Server Authentication

Written by Kevin Tavolaro
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In many circumstances, a business must utilize server authentication in order to manage and verify certificates from a variety of users with differing levels of access to the site. A website may have many areas, and there is a good possibility that not everyone who has access to the site is authorized to access every area. Server authentication regulates and automates who is allowed access to what areas of the site. This is done with encryption technology and public/private key technology.

Public and private key technology insures that data exchanged online will only be received and accessed by the intended recipient. When a user wants to transmit data to a server, the server creates a set of corresponding public and private keys. The public key is issued to the server, and encrypts the data into a a code. The private key is stored on the server, and is used to decrypt and read the data once it is received.

Using Server Authentication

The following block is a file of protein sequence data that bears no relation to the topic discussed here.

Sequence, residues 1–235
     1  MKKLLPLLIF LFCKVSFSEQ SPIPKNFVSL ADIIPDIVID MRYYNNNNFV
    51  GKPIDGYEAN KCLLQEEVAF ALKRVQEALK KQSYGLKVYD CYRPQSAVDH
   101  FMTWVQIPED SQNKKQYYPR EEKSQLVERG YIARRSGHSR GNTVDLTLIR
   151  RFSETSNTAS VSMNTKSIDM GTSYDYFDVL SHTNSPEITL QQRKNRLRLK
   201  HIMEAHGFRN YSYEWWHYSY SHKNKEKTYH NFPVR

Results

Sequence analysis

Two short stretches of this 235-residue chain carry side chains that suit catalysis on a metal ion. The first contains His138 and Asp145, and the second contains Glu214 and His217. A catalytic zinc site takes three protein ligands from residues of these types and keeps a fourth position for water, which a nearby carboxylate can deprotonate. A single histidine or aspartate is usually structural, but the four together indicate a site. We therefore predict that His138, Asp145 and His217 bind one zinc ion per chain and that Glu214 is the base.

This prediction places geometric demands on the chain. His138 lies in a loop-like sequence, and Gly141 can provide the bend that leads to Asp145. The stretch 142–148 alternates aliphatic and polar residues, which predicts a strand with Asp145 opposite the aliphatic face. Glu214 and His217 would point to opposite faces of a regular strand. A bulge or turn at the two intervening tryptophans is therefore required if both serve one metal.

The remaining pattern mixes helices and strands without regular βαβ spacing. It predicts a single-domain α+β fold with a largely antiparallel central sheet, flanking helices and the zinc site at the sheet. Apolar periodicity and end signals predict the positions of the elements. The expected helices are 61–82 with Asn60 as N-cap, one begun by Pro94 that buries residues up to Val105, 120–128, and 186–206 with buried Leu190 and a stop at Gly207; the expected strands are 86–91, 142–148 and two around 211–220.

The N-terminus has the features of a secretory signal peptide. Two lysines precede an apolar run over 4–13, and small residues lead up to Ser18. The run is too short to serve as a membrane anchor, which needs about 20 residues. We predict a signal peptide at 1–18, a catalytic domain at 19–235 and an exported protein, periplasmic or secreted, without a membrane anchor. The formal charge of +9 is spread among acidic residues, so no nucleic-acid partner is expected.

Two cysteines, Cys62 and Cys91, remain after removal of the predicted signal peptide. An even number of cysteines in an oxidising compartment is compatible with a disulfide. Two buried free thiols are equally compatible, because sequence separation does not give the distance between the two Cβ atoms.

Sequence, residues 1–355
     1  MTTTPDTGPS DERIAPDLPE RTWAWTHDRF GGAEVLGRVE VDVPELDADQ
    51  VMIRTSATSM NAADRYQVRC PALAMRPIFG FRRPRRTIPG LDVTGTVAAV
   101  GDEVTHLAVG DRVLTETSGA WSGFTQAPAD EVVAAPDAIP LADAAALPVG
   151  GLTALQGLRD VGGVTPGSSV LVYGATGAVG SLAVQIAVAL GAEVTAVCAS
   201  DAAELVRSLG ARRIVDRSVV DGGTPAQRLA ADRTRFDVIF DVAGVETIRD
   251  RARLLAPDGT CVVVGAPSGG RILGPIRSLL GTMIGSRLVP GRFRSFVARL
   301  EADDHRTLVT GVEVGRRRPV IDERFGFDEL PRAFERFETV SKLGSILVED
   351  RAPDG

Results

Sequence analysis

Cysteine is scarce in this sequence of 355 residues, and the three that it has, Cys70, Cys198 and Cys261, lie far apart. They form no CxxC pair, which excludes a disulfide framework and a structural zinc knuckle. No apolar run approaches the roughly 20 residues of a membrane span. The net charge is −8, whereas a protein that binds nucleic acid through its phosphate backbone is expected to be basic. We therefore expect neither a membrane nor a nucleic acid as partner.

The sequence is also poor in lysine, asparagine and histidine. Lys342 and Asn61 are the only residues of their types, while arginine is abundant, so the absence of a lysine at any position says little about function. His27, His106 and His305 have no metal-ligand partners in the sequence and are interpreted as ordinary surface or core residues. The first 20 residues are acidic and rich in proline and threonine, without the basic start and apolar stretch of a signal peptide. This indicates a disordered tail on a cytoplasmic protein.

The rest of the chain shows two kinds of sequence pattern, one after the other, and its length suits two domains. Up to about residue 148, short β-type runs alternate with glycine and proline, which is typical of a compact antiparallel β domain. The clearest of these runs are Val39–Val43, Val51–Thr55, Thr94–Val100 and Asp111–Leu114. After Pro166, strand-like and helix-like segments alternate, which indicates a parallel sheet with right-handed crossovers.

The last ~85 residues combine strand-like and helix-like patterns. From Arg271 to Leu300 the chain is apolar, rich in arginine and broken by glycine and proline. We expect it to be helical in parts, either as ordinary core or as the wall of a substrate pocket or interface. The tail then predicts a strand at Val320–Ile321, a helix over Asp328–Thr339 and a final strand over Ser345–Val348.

In order to set up server authentication, a site needs to first determine what its levels of access will be. All of the information available on the public server should be reviewed, and security access should then be attributed accordingly. Once this is decided, all public key users are assigned a level of access based on the site's personal restrictions.

Server authentication is then enabled by attaching an additional signing key to the public/private key sets of all users. This additional key signature carries the user's access level, which the server than holds against each new piece of data, allowing or restricting access as determined by the outlined levels. As a result, access to the multiple security levels is automated, securing the server against unauthorized user actions.


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